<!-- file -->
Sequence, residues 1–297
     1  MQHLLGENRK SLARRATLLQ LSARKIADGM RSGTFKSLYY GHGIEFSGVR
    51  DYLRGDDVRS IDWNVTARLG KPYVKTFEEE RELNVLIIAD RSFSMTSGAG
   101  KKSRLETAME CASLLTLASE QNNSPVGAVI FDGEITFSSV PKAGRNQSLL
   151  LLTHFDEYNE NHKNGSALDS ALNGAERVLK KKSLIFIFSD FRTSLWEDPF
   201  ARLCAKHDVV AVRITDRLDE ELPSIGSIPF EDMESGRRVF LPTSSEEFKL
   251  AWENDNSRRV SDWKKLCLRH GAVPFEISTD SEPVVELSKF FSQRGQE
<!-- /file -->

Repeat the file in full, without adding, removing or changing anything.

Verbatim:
Sequence, residues 1–297
     1  MQHLLGENRK SLARRATLLQ LSARKIADGM RSGTFKSLYY GHGIEFSGVR
    51  DYLRGDDVRS IDWNVTARLG KPYVKTFEEE RELNVLIIAD RSFSMTSGAG
   101  KKSRLETAME CASLLTLASE QNNSPVGAVI FDGEITFSSV PKAGRNQSLL
   151  LLTHFDEYNE NHKNGSALDS ALNGAERVLK KKSLIFIFSD FRTSLWEDPF
   201  ARLCAKHDVV AVRITDRLDE ELPSIGSIPF EDMESGRRVF LPTSSEEFKL
   251  AWENDNSRRV SDWKKLCLRH GAVPFEISTD SEPVVELSKF FSQRGQE